This month's writing prompt is loosely based on something I read about Erik Ehn's silent writing retreats. I read an account that in the midst of silence, he gave one playwright a poem to memorize. I think this exercise was meant to counter the struggle with silence.
Block out some time -- maybe two or three hours. Try to do it one sitting. The goal should be to write a new 10-minute play. But who knows--it could grow into something longer. You need to focus for this, so try doing this without music, internet, social media, or any other sound or distraction, except the poem on which this exercise is based.
I recommend doing this with pen and paper. Writing long-hand will force you to write slowly. Your mind needs time to keep up with new material. I find that this helps.
1. Choose a poem. The poem should be short enough to memorize. Something about it should be compelling to you, though you need not know why. This part could be time-consuming, if you don't read a lot of poetry. I would be happy to send you a few poems to choose from, if you message me. Or choose something at random. Go to a bookstore, flip through a few books of poetry, and force yourself to pick one quickly.
2. Spend 10-15 minutes memorizing the poem -- speaking it aloud. Say the words aloud as many times as you can in this time. You want to get the words in your mouth. Hear the rhythm. Let the diction and the sounds get into your sense memory.
3. Do a free-write based on the poem. What images are there? How would you describe the tone? What ideas/thoughts are provoked through them. What is the structure of the poem? Do you see any oppositional images, words, or ideas? What type of play might be derived from the poem? Spend at least 10-minutes doing this.
4. Now do a more specific brainstorm about the play you will write. It will be inspired by this poem in some way, though it may be in a way that's not immediately obvious. Your play might borrow from the poem's structure, tone, thought, character, diction, image, etc. Don't force anything by trying to make your play connect. But hopefully, some ideas have come to you as you have memorized and ruminated on the poem. Who are your characters? What do they want? What things are in opposition--words, ideas, characters? Don't spend a lot of time planning. Give yourself 5-10 minutes, then move on to the next step.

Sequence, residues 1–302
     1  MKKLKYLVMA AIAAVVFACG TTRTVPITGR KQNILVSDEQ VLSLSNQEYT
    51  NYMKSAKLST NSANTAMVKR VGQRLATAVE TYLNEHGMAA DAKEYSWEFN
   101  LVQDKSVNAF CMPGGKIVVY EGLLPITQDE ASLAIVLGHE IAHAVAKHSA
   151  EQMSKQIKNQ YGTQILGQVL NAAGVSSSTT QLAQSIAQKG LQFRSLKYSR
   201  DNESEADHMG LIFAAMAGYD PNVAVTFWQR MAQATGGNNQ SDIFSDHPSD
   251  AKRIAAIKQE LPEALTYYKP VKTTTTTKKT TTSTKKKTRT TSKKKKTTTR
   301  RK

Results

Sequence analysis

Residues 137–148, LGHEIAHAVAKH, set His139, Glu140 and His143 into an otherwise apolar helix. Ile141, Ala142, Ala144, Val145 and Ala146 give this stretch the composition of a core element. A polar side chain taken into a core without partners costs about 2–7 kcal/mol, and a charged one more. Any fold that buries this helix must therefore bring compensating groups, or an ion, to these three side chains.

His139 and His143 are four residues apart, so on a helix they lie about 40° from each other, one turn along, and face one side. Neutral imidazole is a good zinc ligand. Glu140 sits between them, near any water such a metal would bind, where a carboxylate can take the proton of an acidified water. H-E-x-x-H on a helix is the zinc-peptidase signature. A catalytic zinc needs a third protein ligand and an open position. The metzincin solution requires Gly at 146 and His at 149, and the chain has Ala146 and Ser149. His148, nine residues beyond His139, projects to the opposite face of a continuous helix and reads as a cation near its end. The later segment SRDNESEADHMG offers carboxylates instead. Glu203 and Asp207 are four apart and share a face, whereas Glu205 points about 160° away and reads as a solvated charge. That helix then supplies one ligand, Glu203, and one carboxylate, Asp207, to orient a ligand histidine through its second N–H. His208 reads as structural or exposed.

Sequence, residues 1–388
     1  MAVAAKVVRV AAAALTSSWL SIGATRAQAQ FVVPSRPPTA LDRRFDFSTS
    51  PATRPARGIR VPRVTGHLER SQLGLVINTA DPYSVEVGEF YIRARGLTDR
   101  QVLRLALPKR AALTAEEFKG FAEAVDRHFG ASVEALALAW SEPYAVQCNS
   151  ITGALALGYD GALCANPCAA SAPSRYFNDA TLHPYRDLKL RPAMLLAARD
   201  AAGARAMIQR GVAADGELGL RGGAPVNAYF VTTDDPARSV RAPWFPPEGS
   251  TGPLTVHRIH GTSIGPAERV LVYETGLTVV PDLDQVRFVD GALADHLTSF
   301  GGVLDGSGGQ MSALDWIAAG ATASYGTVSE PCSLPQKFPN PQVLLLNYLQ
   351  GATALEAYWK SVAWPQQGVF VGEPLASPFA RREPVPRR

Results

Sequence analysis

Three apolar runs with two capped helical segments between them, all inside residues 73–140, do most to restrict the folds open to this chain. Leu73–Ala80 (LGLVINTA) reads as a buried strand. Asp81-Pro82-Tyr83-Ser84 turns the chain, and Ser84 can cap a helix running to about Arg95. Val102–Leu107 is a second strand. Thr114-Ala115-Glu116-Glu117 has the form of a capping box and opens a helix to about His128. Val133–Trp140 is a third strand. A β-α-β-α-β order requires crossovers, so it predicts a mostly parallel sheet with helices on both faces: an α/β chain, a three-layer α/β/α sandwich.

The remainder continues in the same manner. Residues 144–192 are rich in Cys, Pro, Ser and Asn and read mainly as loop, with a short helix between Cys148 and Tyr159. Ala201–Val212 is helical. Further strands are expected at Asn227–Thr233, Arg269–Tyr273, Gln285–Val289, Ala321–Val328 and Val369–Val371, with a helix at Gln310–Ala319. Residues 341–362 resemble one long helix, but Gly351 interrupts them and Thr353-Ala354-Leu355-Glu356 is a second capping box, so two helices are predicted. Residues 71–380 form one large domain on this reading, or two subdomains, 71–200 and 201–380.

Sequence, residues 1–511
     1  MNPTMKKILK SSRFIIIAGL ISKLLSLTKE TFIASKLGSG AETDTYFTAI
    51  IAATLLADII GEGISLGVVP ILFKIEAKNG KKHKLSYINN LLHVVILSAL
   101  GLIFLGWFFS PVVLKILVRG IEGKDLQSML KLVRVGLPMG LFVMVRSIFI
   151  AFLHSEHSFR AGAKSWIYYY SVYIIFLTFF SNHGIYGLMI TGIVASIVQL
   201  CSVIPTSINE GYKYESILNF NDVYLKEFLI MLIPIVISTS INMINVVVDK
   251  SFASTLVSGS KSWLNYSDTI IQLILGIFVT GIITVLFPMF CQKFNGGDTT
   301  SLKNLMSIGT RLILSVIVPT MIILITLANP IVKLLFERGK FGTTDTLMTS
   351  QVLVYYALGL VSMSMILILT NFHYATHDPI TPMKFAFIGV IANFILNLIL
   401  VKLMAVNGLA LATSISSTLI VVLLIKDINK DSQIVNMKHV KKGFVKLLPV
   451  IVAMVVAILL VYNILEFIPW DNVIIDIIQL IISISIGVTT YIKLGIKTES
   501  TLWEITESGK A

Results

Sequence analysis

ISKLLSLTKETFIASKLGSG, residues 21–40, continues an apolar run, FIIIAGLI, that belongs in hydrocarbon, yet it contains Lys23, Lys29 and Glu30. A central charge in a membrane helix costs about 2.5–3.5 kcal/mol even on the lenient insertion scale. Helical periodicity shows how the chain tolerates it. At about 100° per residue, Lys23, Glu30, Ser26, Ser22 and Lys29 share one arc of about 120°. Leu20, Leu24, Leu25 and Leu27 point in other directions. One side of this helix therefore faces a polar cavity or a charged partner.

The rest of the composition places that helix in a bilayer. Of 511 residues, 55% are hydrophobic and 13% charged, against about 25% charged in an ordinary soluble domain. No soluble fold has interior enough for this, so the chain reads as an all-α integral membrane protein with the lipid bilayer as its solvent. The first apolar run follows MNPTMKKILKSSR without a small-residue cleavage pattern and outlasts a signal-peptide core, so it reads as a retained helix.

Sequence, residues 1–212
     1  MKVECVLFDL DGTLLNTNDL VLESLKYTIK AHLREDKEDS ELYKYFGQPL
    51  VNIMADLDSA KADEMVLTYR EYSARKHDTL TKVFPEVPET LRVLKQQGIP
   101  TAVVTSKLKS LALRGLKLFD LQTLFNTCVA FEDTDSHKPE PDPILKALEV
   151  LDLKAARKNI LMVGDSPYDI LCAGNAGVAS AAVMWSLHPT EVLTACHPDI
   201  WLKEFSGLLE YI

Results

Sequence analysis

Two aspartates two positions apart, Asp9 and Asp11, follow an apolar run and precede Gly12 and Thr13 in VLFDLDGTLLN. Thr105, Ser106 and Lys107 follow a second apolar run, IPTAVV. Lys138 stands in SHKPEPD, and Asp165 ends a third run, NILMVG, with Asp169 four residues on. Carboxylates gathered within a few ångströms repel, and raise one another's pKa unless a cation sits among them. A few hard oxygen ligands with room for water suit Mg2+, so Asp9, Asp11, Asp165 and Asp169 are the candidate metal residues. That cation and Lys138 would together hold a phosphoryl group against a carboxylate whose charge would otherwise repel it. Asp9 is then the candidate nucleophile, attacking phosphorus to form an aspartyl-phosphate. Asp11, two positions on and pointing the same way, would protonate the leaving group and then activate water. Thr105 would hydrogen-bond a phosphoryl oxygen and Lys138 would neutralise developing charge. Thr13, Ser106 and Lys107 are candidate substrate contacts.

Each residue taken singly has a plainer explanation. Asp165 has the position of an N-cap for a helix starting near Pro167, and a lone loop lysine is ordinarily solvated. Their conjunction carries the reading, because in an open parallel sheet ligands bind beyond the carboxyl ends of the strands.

5. Once you have made some decisions about your play, start writing. Try to start in some emotionally charged, raw place. Be fearless. And write -- don't stop until you have at least a 10-minute play. This will be a draft, and as such, it will likely need revision and rethinking. But maybe there will something really great at the core of this new play. Don't stop to revise now. Don't try to make sense of it. Don't judge it. Just be with the material. Trust your instincts. You might have some really weird images, your characters may say things that you don't understand yet. That's all okay. Just keep going.
I'm going to do this exercise too. I'll post the next writing prompt in a month, so you've got time to make this happen. If you try this, I would love to hear about your experience.